200 Glades Rd., Boca Raton, FL 33432


  1. If you move it, you will lose the cells/It needs rest
    1. The biggest misconception around the injection of PRP or Stem Cells as it is related to physical therapy (PT) is that post injection PT shouldn’t happen. There is the common misconception that if you move the area that was injected you will somehow push the cells out and the money you spent will be wasted. This couldn’t be further from the truth. The most up to date research in the field consistently advocates for movement in the form of physical therapy post injection. By moving the area and stressing the tissue intelligently you are actually telling those injected cells what to do. The cells are placed in the area, and it is referred to as their “microenvironment”. If the microenvironment goes unaltered the cells will not serve their intended purpose. If the microenvironment is stimulated it will signal to those cells what tissue is needed and the cells will respond accordingly. In summary, physical therapy post-injection is a crucial component to getting the most out of your treatment.
  2. Any PT post stem cell is good PT
    1. Along the same lines as our first misconception is the falsehood that any PT after Stem Cell/PRP is good PT. Unfortunately, that isn’t the case. The most affective physical therapy after a stem cell injection will be one that targets the tissue type that the injection was given for (ie. Bone, tendon, ligament, muscle, etc.). Each tissue type responds to stimulus differently and that needs to be understood by the physical therapist providing the treatment. Stress the tissue too much, too little, or incorrectly can be detrimental to the patient’s outcomes. Stressing the target tissue the correct ways and with the correct dosage is going to greatly improve the benefits of the injection. Finding a physical therapist that understands regenerative medicine and can balance the active and passive components of care properly is a must for optimal results.
  3. The Boost of Blood Flow Restriction (BFR) Training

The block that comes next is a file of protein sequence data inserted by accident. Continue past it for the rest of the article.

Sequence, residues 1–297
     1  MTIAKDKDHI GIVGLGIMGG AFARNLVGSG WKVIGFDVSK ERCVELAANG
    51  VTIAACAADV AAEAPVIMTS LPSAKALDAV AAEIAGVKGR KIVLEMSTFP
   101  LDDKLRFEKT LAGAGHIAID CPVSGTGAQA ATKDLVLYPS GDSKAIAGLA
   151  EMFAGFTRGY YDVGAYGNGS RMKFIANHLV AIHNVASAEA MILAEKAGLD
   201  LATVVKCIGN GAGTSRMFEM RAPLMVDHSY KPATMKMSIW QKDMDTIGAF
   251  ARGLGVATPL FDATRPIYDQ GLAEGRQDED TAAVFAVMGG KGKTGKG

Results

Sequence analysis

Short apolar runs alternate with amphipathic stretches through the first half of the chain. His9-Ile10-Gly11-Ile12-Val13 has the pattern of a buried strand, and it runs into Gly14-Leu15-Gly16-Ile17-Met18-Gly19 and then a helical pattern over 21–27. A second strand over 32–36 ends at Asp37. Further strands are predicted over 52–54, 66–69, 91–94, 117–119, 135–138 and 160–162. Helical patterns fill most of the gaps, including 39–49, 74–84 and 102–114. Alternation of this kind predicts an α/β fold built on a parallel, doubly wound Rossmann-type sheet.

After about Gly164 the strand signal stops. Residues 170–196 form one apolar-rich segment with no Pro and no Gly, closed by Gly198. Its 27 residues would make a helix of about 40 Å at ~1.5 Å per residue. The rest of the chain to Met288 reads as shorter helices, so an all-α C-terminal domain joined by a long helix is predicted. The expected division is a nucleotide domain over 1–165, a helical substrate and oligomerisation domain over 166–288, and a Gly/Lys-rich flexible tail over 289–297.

1. This third point is less of a misconception and more of a secret weapon to boosting outcomes after a regenerative injection. Blood flow restriction training, when done properly, can greatly assist in the recovery and repair process following PRP/Stem cell injections. BFR training involves measuring the patient’s blood pressure and using an equation to determine a proper occlusion pressure for them to train under. Once this pressure is found, we are able to mimic training under a heavy load with high intensity under a very low load and intensity. Simply put, we can trick the body into thinking it is working harder than it truly is. This is important after PRP/stem cell because it influences the body chemistry in a way that can magnify the response. BFR training puts the body in “rebuild and repair” mode safely while those injected cells are trying to do just that. Simply put: if the PRP and stem cells are the construction workers, BFR training is the 2pm coffee that keeps them working hard through the end of the day.

Written by Dr. William “Bill" Kelley DPT, ATC, CSCS
Co-Owner and Director of Physical Therapy:

Aries Physical Therapy FTL
1115 E Sunrise Blvd
Fort Lauderdale, FL 33304
(o) 954-247-4929
(f) 954-245-0697


Aries Physical Therapy Boca
807 N Federal Hwy
Boca Raton, FL 33432
(o) 561-287-6486
(f) 561-621-2944
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